Traditional Romanian recipe for vine leaves stuffed with ground meat and rice and served in a delicious smooth sauce.
I think these are the only other kind of stuffed leaves my grandmother ever made except Sarmale – Traditional Romanian Stuffed Cabbage Leaves with Pork and Rice. Sarmale were her specialty and she would make them very very often, probably at least once a month, but from time to time, she would make the Stuffed Vine Leaves with Ground Meat and Rice.
She would normally use the same filling she would use for sarmale. I have changed that a little bit and use a mixture of pork and beef and some other spices than I would use for sarmale, but these Stuffed Vine Leaves with Ground Meat and Rice still taste just as delicious as I remember them.
Nowadays, I make them with vine leaves from a jar, but my grandmother only made them with fresh vine leaves from the vine that was growing outside our flat window.
We lived in a flat on the first floor and years before, when my grandparents bought that flat, my grandfather planted this vine behind the building, vine which during my childhood had grown up to our bedroom windows.
So, my grandmother would only make the Stuffed Vine Leaves with Ground Meat and Rice in early summer when the vine leaves had the right size and were not too old or too tough.
And sometimes, she would use the green unripe grapes in summer too. She would pick some and add them to her delicious vegetable stew, giving it a sour note. I used to hate that dish called Ghiveci as a small child but got to absolutely love it later, as a teenager. I should post it one day…
Back to today’s Stuffed Vine Leaves with Ground Meat and Rice. The way of rolling the vine leaves with the filling is exactly the same as discussed in yesterday’s post Stuffed Vine Leaves with Ricotta, Rice and Herb Filling. And it is actually, the same method used to make any kind of rolls, either with fresh cabbage or sauerkraut.
I was able to fill 32 vine leaves with the filling, but do prepare a few more just in case your leaves are smaller or some of them are broken.
We used to eat this with white bread in Romania, you could do that as well, but nowadays I prefer to serve this with boiled potatoes, I find them a much better fit.
Other stuffed vegetables:
- about 40 vine leaves from a jar (See note)
- 2 tablespoons short grain rice
- 1 onion
- 1 tablespoon vegetable oil
- 500 g/ 1.1 lbs ground meat (mixed pork and beef)
- 2 garlic cloves
- 1 tablespoon chopped dill
- 1 tablespoon chopped parsley
- 1 tablespoon ground sweet paprika
- 1 teaspoon salt
- freshly ground black pepper
- 2 tablespoons butter
- 1 tablespoon all-purpose flour
- 1 teaspoon tomato paste
- 1 tablespoon lemon juice
- 2-3 tablespoons milk
Prepare some more vine leaves than actually needed, some will break and some will be too small for filling. In such case, use two vine leaves to form one roll. Just place the two leaves over each other in order to cover the broken parts or enlarge the “leaf”.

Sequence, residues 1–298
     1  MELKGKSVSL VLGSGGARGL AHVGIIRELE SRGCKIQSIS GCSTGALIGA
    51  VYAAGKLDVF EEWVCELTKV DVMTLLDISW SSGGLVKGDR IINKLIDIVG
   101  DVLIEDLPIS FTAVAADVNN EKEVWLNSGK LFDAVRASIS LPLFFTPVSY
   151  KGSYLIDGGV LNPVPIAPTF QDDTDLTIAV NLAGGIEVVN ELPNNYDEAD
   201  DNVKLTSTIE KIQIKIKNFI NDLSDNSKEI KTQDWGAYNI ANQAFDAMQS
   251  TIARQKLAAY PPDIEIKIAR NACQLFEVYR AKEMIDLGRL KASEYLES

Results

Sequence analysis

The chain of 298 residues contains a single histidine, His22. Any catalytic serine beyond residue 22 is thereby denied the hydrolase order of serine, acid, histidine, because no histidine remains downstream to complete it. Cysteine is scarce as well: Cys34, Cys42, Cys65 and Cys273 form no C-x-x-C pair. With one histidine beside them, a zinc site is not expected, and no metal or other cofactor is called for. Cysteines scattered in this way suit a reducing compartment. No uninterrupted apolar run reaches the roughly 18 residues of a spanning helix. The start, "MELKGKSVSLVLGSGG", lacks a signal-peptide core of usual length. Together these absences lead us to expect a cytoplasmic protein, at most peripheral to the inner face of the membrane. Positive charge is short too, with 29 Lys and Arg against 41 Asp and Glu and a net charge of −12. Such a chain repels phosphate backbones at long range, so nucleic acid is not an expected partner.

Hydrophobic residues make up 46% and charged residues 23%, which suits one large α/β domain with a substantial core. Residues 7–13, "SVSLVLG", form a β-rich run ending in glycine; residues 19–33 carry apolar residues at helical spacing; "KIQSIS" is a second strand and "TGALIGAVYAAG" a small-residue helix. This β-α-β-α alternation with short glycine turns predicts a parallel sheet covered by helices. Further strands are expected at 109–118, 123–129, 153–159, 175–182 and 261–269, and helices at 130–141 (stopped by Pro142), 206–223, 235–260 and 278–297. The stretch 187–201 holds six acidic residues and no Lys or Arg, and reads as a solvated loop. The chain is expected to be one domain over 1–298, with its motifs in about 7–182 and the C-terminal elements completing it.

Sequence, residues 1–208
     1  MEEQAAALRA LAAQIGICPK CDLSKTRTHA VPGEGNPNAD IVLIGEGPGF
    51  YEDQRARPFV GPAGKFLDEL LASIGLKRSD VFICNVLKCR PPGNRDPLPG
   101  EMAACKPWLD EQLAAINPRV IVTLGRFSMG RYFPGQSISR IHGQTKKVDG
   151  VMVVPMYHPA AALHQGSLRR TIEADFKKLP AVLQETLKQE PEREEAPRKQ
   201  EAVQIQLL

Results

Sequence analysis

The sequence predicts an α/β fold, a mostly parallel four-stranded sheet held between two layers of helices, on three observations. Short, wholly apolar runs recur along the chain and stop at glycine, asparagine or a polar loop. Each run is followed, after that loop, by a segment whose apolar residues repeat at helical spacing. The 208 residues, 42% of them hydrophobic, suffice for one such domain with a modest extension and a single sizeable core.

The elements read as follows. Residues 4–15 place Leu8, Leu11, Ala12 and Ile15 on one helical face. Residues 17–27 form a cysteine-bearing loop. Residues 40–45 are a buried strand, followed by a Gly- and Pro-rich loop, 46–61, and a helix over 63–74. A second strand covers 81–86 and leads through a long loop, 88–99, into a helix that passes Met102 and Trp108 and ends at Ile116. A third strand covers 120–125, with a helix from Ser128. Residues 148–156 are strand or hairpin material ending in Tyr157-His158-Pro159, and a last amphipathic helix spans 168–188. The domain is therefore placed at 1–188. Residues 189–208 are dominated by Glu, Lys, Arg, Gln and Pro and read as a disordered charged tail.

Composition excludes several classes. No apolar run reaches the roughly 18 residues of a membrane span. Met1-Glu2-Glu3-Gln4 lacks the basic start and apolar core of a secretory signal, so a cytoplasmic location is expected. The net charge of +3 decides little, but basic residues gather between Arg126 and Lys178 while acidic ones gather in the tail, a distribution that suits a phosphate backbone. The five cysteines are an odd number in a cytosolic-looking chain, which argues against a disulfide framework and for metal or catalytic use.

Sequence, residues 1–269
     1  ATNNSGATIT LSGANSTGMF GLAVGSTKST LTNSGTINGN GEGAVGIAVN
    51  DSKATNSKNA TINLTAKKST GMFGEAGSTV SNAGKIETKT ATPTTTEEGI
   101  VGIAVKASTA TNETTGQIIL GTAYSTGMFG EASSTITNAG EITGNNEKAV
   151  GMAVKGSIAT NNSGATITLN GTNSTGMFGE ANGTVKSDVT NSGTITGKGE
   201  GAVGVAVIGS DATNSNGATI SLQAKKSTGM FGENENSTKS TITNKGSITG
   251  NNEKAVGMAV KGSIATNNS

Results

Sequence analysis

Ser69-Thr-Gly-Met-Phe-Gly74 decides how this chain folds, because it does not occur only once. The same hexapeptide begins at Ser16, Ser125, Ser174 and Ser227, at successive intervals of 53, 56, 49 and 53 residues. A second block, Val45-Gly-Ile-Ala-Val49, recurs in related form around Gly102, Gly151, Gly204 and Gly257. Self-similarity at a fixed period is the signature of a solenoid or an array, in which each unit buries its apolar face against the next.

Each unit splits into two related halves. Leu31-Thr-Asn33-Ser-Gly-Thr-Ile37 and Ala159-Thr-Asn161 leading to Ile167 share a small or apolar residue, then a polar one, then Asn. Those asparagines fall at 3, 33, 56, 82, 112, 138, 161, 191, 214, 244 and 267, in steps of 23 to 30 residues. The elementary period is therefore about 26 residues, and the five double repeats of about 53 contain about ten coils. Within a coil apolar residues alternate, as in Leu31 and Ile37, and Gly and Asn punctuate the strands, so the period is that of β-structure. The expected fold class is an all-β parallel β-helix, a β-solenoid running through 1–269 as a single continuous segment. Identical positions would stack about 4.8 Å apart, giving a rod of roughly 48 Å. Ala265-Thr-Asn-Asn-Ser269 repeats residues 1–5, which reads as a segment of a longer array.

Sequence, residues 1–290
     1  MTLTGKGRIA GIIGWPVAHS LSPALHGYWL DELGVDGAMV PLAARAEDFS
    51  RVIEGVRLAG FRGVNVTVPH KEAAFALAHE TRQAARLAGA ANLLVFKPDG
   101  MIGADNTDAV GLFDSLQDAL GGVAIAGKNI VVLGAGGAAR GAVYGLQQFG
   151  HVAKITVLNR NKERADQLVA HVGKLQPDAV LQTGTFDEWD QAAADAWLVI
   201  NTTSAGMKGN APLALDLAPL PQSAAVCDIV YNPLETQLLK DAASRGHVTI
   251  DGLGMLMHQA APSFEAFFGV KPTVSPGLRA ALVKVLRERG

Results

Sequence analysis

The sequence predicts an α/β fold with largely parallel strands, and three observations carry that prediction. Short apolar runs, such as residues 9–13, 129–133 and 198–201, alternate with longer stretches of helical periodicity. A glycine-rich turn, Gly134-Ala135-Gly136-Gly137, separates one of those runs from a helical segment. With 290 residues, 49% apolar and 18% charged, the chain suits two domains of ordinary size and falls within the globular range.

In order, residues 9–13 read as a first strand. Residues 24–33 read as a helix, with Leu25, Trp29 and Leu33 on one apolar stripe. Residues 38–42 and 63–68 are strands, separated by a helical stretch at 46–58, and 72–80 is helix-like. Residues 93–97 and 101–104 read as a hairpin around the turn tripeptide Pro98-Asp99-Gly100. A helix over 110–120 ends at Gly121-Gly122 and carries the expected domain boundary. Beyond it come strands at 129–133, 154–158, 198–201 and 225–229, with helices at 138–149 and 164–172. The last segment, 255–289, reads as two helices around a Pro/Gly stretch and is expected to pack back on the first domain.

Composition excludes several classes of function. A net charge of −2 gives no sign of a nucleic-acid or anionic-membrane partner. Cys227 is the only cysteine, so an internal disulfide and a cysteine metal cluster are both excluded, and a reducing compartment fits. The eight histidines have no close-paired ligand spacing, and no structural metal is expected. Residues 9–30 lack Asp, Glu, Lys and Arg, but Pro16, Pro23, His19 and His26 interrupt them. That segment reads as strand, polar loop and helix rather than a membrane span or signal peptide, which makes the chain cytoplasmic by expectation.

Bring a pot of water to a boil. Add the vine leaves and let them simmer gently for about 3 or 4 minutes. Drain well and leave until cool enough to handle.
Give the rice to a small pot, cover it with water, bring to a boil and cook for half of the time indicated by the packet's instructions. For instance, my rice needs to be cooked for 20 minutes, so I only cook it for 10 minutes. Drain the rice well and let it cool slightly.
To make the filling chop the onion very finely. Heat the oil in a small pan and cook the onion until softer, about 3-4 minutes. Let it cool slightly.
Give the meat to a bowl, add the cooled rice and onion, the grated garlic cloves, dill, parsley, sweet paprika, salt and pepper. Mix together very well.
Place a vine leaf on the working surface. Add about 2 teaspoons of the meat filling (depending on the size of your leaf) in the middle-lower part of the leaf. Fold the left and right sides of the leaf over the filling, then form a roll, starting to roll at the base of the parcel. Place the roll with the seam facing down in a cooking pot. Repeat until you have used all the filling, arranging the rolls nicely and tightly in the pot.
Boil some water in the kettle and pour it over the rolls, they should be barely covered with liquid. Cover well, bring to a boil, then lower the heat and simmer for 30-40 minutes. After about 30 minutes, try one roll to see if the rice is cooked through, if not, prolong the cooking time.
When the vine leaf rolls are cooked, carefully remove them from the pot. Place them on a deeper serving platter and keep warm. You will need their cooking liquid to make the sauce.
To make the sauce melt the butter in a small saucepan. Add the flour and stir well for 1 or 2 minutes. Add the tomato paste and stir well again. Slowly start adding the cooking liquid from the vine leaf rolls while whisking continuously. Add a little water or broth if you feel that you don't have enough cooking liquid.
Let simmer for 1 or 2 minutes stirring continuously. If the sauce is too thick, add a little milk. Adjust the taste with lemon juice, salt and pepper.
Pour the sauce over the stuffed vine leaves and serve immediately with boiled potatoes.
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